An Officer’s Letter

The following letter from one of the officers at St. Olga’s station, formerly on board the “Izumrud”, throws some further light on the events of the day.

“All the terrible sorrow and misfortune which we were destined to witness remains before our eyes. Comparatively little fell to our personal share. We are all fairly well; but how we survived the destruction of our vessel I will not dare to describe. I fear they will welcome us with mud at St. Petersburg, saying it was quite simple to go to Vladivostok. Perhaps this was possible, though it is certain that at Cape Povorotny we were pursued. They seized a lighter, with an officer, which put to sea on 30 May; but I would rather undergo almost anything than have seen four Russian vessels surrendered to the enemy by Niebogatov! Had any one made such a suggestion the day before, he would have been called a lunatic. We were not cut off from him, and at that moment were keeping in line with him. When he lowered his lfag we broke away and sailed off, eluding pursuit, although making straight for the Japanese shore. We were convinced that it was our turn to die when the Japanese surrounded us with all their fleet. If we had left Niebogatov half an hour sooner we should have reached Vladivostok. I am not clear in what respect the censor mutilated the report of our captain, but from the published telegram it might be concluded that we fled from the squadron. It might also conceal the fact that our vessels surrendered….. We have spent a few days uselessly here, detained on some commissions. Tomorrow we shall begin our journey to Vladivostok, the whole band of us taking more or less time, but not less than a month. The journey is four hundred versts, with little rivers to ford, and no bridges. At another time it would be exceedingly interesting. It is a wonderful country. Maybe Vladivostok will be besieged, or the matter will have reached the peace stage when you receive this letter. If we do not arrive there, we shall go into the country inland.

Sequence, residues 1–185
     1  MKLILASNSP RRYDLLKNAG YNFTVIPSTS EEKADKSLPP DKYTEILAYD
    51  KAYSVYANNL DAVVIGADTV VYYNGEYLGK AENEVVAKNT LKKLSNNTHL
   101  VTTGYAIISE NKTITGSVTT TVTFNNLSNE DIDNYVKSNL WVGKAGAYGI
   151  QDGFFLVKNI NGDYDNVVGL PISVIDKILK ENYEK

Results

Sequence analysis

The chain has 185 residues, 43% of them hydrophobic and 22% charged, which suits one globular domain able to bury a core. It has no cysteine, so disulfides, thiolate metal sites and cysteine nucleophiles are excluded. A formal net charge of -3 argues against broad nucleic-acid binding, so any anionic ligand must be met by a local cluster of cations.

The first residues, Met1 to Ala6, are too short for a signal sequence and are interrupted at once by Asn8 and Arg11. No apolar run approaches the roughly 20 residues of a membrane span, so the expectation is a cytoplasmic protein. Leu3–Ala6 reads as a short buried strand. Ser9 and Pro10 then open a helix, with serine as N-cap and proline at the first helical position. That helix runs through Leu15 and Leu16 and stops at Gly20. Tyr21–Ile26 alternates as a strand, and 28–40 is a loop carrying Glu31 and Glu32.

“You have no doubt heard a great deal about the horrors of 28 May. These pictures of sinking vessels and men haunt one like a nightmare – the “Alexander III” turning upside down and still continuing to float; people in the bottom of her  people drowning on all sides, with no possibility of helping them. Our small boats were shattered. For a few minutes after we approached we became the target for seven cruisers which drew near; some of them were armoured. How it happened that not a shot struck us I cannot conceive. They began to take up positions within a few fathoms of us, splashing us all over, while fragments of shells exploding in the water wounded some of the men. One successful shot would have been enough to deprive us of the power of getting to our vessels (battleships), of which there were then nine out of twelve. We were two miles from the rearmost vessel (the “Nakhimov”), and before we succeeded in reaching her the “Borodino” was destroyed. In a twinkling all was over; a fire, a cloud of smoke, and then – nothing! 

“Night came on. Torpedo-attacks for some hours in succession – the penetrating beams of the search-lights –  the boom of cannon – the distant shouts of the Japanese when the illumination revealed someone to them! – here was an inferno in panorama! The “Nakhimov”, “Navarin”, and “Sissoi” were no more. We did not see their destructio ; but the dawn told us thereof – that dreadful morning of 29 May. 

“When we reach Vladivostok, perhaps peace will be already concluded – shameful, dreadful peace. But where can we go now, with this sense of disgrace at beholding, with our own eyes, four flags lowered?

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